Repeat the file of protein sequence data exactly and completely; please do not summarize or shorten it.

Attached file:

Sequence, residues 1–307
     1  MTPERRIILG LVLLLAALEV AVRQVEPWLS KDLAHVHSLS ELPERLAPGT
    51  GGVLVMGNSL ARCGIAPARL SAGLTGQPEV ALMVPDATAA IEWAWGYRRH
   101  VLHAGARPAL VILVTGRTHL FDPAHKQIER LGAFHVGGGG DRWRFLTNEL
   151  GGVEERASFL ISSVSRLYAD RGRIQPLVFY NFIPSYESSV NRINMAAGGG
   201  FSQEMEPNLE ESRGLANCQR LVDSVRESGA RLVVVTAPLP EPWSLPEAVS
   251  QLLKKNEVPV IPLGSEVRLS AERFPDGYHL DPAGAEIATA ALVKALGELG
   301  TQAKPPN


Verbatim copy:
Sequence, residues 1–307
     1  MTPERRIILG LVLLLAALEV AVRQVEPWLS KDLAHVHSLS ELPERLAPGT
    51  GGVLVMGNSL ARCGIAPARL SAGLTGQPEV ALMVPDATAA IEWAWGYRRH
   101  VLHAGARPAL VILVTGRTHL FDPAHKQIER LGAFHVGGGG DRWRFLTNEL
   151  GGVEERASFL ISSVSRLYAD RGRIQPLVFY NFIPSYESSV NRINMAAGGG
   201  FSQEMEPNLE ESRGLANCQR LVDSVRESGA RLVVVTAPLP EPWSLPEAVS
   251  QLLKKNEVPV IPLGSEVRLS AERFPDGYHL DPAGAEIATA ALVKALGELG
   301  TQAKPPN